11. spidge

    spidge RAAF RESEARCHER

     
  12. stalin

    stalin Guest

    O.K., I THINK IT'S TIME TO FINISH THE DISCUSSION. The Most Defining Battles Of Ww2 Took Place At Moscow, Kursk And Stalingrad. Moreover, The Biggest Part Of Nazi Germany Military Forces Was Destroyed By Russians On The Eastern Front, WITH LEND-LEASE OR NOT THEY WOULD WIN THE WAR ANYWAY, just because of being skilled, unlike USA, at fighting against strong enemy whether it's Hitler or Napoleon. Besides, if not for russians, there would be no democracy [corporocracy] whatsoever. As for Stalin's dictatorship: only person like him was capable at the moment of overcoming such person as Hitler. But why did USA meddle at last? As always, they decided to vulture on those who weak [europe in that case], and Americans are resposible for being a nation of cowards/johnnies-come-lately, and finally the'll pay for that.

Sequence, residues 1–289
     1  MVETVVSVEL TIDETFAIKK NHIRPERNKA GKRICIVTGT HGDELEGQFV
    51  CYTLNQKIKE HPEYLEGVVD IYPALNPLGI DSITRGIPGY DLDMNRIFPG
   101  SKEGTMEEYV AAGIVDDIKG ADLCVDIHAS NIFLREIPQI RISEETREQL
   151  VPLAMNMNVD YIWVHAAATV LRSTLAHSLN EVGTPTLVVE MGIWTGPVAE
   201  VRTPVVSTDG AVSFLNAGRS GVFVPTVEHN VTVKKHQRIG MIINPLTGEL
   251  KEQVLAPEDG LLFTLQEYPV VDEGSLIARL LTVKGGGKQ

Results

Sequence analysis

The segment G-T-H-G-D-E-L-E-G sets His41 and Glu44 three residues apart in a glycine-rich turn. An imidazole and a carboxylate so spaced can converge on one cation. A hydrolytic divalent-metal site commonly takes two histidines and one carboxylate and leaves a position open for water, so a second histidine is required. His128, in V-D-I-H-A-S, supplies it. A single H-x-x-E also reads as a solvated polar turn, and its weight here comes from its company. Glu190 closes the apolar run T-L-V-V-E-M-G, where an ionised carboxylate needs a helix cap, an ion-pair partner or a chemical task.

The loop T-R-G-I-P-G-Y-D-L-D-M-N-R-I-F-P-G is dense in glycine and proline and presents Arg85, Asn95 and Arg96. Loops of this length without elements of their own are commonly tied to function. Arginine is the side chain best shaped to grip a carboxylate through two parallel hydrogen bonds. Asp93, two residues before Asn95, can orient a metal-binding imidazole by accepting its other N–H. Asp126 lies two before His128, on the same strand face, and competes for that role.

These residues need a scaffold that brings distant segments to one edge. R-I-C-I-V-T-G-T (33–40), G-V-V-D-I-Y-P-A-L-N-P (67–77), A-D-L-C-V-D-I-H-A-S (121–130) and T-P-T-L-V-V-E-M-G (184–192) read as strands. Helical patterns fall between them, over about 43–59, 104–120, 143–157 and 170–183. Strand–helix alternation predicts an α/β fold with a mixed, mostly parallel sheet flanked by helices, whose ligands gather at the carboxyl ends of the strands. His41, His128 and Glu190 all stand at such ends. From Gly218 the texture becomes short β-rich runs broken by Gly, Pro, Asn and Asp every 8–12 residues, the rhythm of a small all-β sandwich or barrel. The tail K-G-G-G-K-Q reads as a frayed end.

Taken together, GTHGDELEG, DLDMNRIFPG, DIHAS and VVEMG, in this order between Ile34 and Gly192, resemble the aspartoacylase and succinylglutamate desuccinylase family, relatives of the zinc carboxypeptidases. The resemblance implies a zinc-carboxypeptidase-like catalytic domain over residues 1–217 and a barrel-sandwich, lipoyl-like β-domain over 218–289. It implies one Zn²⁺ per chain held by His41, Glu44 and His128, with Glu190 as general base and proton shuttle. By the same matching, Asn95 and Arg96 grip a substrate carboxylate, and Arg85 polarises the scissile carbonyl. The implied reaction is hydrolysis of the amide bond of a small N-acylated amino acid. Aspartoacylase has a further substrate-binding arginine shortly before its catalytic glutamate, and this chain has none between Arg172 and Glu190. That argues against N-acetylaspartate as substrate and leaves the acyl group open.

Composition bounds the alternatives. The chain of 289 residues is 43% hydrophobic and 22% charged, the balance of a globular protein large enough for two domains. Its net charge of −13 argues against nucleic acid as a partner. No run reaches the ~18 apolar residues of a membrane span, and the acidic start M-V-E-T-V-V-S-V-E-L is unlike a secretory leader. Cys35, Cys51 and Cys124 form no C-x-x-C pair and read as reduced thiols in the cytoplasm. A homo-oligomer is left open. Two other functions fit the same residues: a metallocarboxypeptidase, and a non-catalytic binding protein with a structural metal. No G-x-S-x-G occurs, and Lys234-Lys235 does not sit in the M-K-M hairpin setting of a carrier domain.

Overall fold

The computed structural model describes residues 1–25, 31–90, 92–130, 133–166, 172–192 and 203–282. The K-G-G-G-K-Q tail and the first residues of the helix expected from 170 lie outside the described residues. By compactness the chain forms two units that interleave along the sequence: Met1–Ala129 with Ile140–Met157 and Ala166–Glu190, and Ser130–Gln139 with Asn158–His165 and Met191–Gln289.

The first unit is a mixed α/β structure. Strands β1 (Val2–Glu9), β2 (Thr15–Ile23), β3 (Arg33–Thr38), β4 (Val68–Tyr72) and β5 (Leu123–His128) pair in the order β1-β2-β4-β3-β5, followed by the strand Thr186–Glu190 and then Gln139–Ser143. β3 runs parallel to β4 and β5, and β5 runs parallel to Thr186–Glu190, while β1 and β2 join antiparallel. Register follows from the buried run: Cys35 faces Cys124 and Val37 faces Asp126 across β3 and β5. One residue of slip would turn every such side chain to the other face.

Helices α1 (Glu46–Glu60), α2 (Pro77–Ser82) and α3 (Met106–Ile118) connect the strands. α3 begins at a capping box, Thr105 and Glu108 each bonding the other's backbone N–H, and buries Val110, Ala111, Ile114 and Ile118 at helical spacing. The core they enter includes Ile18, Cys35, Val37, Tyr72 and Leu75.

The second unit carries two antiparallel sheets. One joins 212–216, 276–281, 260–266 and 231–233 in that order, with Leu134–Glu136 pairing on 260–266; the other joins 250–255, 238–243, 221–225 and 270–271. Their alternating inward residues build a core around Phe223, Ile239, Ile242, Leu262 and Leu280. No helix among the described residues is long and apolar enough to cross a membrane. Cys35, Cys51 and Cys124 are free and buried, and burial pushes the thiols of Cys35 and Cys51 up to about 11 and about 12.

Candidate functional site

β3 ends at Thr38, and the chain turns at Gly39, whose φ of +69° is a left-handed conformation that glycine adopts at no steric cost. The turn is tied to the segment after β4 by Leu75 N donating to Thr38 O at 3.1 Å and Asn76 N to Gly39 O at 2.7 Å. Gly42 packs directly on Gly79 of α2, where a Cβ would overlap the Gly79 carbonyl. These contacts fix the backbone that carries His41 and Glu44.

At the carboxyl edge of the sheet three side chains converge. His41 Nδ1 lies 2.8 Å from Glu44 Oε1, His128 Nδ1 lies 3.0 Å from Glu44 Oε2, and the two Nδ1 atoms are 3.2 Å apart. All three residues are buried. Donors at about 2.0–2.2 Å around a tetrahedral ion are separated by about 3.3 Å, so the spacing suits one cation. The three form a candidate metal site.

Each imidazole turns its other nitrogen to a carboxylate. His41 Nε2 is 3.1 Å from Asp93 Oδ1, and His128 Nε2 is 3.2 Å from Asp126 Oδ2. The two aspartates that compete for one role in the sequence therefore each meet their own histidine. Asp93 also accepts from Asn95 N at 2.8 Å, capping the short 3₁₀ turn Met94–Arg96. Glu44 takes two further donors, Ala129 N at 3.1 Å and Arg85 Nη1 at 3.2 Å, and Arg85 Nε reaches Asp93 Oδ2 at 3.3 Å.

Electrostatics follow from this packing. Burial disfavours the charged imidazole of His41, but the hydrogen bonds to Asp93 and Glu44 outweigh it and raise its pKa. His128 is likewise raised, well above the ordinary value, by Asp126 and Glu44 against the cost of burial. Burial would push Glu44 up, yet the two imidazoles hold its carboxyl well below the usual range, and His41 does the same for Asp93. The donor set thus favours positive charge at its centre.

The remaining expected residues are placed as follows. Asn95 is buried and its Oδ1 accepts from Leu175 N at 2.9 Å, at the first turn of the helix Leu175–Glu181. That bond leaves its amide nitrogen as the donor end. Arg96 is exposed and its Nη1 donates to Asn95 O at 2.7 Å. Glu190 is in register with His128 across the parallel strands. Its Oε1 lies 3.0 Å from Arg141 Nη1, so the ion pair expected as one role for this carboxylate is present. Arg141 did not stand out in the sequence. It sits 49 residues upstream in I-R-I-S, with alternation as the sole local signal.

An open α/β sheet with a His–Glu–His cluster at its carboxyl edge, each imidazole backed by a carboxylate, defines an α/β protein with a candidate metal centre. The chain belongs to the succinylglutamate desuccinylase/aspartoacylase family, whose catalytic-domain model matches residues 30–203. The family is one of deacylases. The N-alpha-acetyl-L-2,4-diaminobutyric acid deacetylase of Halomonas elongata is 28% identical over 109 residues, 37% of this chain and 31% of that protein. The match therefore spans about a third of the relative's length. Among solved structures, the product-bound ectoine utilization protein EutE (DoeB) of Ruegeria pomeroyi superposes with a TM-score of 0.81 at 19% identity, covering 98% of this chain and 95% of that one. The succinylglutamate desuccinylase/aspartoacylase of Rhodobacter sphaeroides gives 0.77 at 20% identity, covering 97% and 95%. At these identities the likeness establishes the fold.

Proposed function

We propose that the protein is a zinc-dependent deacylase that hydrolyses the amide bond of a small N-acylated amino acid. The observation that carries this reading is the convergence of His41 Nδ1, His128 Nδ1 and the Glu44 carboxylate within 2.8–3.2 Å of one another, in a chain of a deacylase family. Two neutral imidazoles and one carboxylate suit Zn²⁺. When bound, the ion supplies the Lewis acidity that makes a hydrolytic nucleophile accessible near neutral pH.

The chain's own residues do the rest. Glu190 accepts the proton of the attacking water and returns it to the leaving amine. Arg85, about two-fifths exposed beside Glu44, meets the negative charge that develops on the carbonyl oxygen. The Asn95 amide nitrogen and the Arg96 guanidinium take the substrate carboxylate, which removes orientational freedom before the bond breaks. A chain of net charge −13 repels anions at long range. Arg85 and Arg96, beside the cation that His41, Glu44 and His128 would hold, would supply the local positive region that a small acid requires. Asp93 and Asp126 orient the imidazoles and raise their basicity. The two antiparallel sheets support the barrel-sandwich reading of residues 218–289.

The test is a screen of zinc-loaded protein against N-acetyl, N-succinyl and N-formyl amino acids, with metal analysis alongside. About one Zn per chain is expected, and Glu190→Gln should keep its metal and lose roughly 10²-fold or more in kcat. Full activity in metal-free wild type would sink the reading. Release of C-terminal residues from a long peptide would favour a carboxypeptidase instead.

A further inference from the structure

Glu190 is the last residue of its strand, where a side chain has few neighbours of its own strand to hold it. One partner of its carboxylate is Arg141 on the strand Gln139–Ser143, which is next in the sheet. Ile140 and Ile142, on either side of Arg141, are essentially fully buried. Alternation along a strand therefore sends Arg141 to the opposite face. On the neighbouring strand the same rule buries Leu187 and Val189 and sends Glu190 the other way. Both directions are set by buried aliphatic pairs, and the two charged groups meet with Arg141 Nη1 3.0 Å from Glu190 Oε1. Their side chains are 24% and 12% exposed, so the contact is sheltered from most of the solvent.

13. Herroberst

    Herroberst Senior Member

    Hey closet creeper, This thread was last posted October 20, 2005. What's with you newbies. Like the dust. How about starting your own thread?

    O.K., I THINK IT'S TIME TO FINISH THE DISCUSSION. The Most Defining Battles Of Ww2 Took Place At Moscow, Kursk And Stalingrad. Moreover, The Biggest Part Of Nazi Germany Military Forces Was Destroyed By Russians On The Eastern Front, WITH LEND-LEASE OR NOT THEY WOULD WIN THE WAR ANYWAY, just because of being skilled, unlike USA, at fighting against strong enemy whether it's Hitler or Napoleon. Besides, if not for russians, there would be no democracy [corporocracy] whatsoever. As for Stalin's dictatorship: only person like him was capable at the moment of overcoming such person as Hitler. But why did USA meddle at last? As always, they decided to vulture on those who weak [europe in that case], and Americans are resposible for being a nation of cowards/johnnies-come-lately, and finally the'll pay for that.

    Loose something recently, like your mind, You make an excellent case for Curtis Lemay.
     

    Attached Files:

  14. spidge

    spidge RAAF RESEARCHER